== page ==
Transnet locomotive. Photo: Bob Adams

Braking energy of diesel-hauled freight trains can be stored

Transnet is developing a system that recovers and reuses braking energy in diesel-hauled freight trains. The waste energy generated by braking applications on the unpowered axles of freight wagons can be captured and stored, resulting in energy savings of up to 24 per cent. Transnet revealed its business case at the 11th International Heavy Haul Association Conference held in Cape Town last week.

In a conventional braking system, excess kinetic energy is converted to heat but not stored. In the last few years, the storage of energy has been the focus of experiments by several companies in the railway industry. According to Transnet, implementation of a generative braking systems in diesel-hauled trains is an innovation.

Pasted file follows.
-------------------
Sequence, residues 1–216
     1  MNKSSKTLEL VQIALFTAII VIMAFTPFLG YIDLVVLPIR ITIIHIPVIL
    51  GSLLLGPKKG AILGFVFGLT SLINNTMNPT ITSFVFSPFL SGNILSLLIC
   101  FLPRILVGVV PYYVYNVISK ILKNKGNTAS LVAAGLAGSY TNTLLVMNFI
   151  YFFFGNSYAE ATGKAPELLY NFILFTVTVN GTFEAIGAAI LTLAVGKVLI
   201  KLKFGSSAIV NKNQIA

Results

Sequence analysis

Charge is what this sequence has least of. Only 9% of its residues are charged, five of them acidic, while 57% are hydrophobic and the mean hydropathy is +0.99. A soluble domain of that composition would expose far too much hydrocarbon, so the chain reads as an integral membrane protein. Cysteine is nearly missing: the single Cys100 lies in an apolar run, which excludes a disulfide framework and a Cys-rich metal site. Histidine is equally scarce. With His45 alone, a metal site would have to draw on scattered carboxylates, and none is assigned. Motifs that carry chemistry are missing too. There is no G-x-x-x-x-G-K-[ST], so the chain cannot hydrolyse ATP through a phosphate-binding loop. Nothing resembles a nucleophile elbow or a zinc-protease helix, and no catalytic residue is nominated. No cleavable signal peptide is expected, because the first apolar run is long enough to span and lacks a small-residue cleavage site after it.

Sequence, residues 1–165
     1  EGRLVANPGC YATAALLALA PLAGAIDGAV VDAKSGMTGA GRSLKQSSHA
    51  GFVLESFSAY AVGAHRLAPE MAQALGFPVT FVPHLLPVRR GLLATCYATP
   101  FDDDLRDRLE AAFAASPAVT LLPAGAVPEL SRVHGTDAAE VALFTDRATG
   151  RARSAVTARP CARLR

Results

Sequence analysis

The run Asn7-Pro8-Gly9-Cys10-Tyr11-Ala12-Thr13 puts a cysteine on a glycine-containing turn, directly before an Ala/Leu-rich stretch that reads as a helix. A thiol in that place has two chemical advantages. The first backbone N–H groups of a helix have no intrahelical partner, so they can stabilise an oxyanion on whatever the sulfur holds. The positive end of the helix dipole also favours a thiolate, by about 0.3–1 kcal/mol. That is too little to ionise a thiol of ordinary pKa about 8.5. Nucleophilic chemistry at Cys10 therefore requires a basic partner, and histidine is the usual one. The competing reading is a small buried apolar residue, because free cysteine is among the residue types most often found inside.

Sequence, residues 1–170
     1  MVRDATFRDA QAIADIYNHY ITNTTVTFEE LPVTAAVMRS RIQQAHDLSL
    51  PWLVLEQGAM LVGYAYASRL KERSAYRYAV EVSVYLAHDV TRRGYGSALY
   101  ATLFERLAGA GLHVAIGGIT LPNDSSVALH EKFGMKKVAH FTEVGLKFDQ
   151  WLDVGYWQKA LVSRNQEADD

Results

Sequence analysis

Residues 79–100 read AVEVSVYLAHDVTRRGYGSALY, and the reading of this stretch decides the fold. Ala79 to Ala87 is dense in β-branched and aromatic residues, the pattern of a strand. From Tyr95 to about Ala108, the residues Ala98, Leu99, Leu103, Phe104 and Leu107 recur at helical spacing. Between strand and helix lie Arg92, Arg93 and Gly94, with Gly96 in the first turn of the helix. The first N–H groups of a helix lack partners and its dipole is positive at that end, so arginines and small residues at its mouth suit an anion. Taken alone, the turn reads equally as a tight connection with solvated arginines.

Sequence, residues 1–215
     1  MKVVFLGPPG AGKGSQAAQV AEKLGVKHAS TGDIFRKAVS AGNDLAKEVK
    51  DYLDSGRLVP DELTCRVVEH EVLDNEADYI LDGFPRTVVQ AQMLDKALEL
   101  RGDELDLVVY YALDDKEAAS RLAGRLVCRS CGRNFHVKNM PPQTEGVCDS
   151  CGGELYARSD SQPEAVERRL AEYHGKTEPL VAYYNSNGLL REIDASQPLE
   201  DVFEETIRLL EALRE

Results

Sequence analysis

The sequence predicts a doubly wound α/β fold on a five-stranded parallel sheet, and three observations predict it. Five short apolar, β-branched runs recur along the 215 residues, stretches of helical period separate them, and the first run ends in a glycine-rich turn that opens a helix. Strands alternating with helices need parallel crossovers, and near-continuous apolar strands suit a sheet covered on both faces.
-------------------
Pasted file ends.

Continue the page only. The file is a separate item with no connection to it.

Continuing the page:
The model

The model presented by Transnet is named the Distributed Kinetic Energy Recovery System (D-KERS) and is the brainchild of Andreas Pyper, engineer at the company. When the brakes are activated, the Energy Storage Solution (ESS) of the wagon is charged. When the motoring traction is applied, the storage mechanism is discharged.

The D-KERS unit is installed inside the bogie, creating space for four units in each wagon and is not limited to a specific ESS, although a high-speed flywheel is the preferred option because there are no conversion losses and a long service life with almost no degradation, Pyper was quoted explaining in the International Railway Journal.

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Author: Majorie van Leijen

Majorie van Leijen is editor of RailFreight.com, online magazine for rail freight professionals.

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